Hidden Gems to Add to Your Maltese Islands Bucket List
Going off the beaten path on the Maltese Islands definitely pays off, as the most exciting local treasures may not be as well-known as you’d expect. Here are the Malta Airport Foundation’s recommendations.
Lascaris War Rooms in Valletta
Let’s start off with a historical gem hidden underneath Malta’s capital city, Valletta. The Lascaris War Rooms are an underground complex of tunnels and rooms which housed the British War Headquarters where the defence and offense plans for Malta were strategically plotted during World War II. While each of the military services were allocated their own operations room, their leaders met inside the Combined Operations Room at the heart of the complex. This room was also the most heavily guarded, as it housed the encryption machines which were used to send and receive top secret communications.
You can visit the chambers, which have recently been restored and transformed into an accessible museum by Fondazzjoni Wirt Artna in collaboration with the Malta Airport Foundation, from Monday to Saturday between 10am and 4.30pm*.
Metropolitan Cathedral Museum in Mdina
A testament to Malta’s rich religious and artistic heritage, the Metropolitan Cathedral Museum in Mdina is a sight to behold. Situated to the right-hand side of the Mdina Cathedral, the halls of the ornate baroque museum house exhibits raging from papal coins and sacred vessels, to rare books and religious paintings. One of the most fascinating exhibits is a recently restored 15th century triptych of the Madonna del Soccorso, which is one of Malta’s earliest Renaissance paintings, attributed to artist Antonio de Saliba.
Take a closer look at the work of art by visiting the Cathedral Museum in Mdina, which is open from Monday to Saturday between 9.30am and 4.30pm*.
Torri Xutu in Wied iż-Żurrieq
A few metres away from Malta’s iconic Blue Grotto in Żurrieq lies another landmark of historical importance which was recently restored by the Malta Airport Foundation. Torri Xutu is a watchtower in Wied iż-Żurrieq which was used as an observation post by the coast guard during World War II. The 17th century tower is one of more than 25 watchtowers which were constructed in strategic locations around the Maltese Islands to provide the archipelago with a robust defence system during the time of the Knights of St. John.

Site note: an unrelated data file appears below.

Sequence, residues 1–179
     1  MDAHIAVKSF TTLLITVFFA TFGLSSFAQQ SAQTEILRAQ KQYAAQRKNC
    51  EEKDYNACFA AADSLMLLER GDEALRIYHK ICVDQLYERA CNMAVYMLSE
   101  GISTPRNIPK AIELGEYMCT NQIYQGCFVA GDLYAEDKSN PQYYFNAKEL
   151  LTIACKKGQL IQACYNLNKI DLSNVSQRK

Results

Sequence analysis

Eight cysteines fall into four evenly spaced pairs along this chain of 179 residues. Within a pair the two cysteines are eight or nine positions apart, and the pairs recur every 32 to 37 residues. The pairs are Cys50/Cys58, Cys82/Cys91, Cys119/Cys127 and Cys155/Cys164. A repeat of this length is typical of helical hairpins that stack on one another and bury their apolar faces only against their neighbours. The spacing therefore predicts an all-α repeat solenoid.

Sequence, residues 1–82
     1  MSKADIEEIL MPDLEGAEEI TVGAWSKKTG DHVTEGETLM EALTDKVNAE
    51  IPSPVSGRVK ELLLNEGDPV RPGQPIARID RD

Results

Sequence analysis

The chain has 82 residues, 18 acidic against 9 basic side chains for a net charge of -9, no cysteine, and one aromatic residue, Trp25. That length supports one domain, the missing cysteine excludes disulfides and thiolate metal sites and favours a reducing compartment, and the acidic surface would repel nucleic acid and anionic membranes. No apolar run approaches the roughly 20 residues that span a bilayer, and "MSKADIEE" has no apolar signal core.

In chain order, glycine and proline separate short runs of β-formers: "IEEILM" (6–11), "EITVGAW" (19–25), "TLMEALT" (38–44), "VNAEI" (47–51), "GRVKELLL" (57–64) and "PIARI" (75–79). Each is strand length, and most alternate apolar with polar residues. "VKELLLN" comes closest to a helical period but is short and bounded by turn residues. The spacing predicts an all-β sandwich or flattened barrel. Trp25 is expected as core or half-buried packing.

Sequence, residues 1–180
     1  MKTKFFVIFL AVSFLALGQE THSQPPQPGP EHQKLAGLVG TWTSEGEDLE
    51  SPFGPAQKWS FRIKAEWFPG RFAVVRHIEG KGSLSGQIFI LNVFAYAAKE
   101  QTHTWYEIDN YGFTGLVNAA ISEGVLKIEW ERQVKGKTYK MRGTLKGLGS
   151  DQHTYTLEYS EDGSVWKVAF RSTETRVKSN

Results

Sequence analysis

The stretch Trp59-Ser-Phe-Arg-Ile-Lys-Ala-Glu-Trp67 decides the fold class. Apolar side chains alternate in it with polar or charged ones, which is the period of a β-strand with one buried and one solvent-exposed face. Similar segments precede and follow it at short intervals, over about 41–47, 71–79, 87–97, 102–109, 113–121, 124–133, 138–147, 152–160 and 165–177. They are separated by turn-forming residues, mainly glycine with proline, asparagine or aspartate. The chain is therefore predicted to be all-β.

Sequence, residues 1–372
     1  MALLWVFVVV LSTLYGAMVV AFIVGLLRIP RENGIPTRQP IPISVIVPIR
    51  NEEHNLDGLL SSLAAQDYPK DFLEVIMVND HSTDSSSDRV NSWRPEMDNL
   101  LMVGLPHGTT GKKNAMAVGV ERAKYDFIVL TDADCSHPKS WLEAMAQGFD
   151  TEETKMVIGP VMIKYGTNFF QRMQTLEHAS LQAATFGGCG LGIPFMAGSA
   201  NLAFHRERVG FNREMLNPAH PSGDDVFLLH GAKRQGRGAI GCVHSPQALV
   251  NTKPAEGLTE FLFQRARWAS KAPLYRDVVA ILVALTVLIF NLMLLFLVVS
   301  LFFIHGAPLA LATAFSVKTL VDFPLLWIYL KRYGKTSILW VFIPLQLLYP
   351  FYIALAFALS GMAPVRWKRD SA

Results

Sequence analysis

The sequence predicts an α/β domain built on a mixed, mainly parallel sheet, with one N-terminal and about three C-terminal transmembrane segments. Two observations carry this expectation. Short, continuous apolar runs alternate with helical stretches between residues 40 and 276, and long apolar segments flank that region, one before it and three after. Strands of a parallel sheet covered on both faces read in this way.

The area in which the newly-restored tower stands today is protected as a Natura 2000 site, making it the perfect place to take a quiet stroll and enjoy a magnificent sunset.
Santa Maria Caves in Comino
You may have heard of Comino’s idyllic Blue Lagoon, but there is much more to this island paradise than meets the eye. Although the island is riddled with caves, the most impressive cave system, known as the Santa Maria caves, can be found on the northside of the island. Snorkelers and divers of all levels can visit this spot to discover the rich underwater life which calls Comino home, from the Fried Egg Jellyfish to the colourful Nudibranch, as the caves are shallow and drenched in sunlight, offering explorers crystal clear visibility underwater.
Want to know more about Comino? Check out the Malta Airport Foundation’s documentary Comino: A Secret Paradise.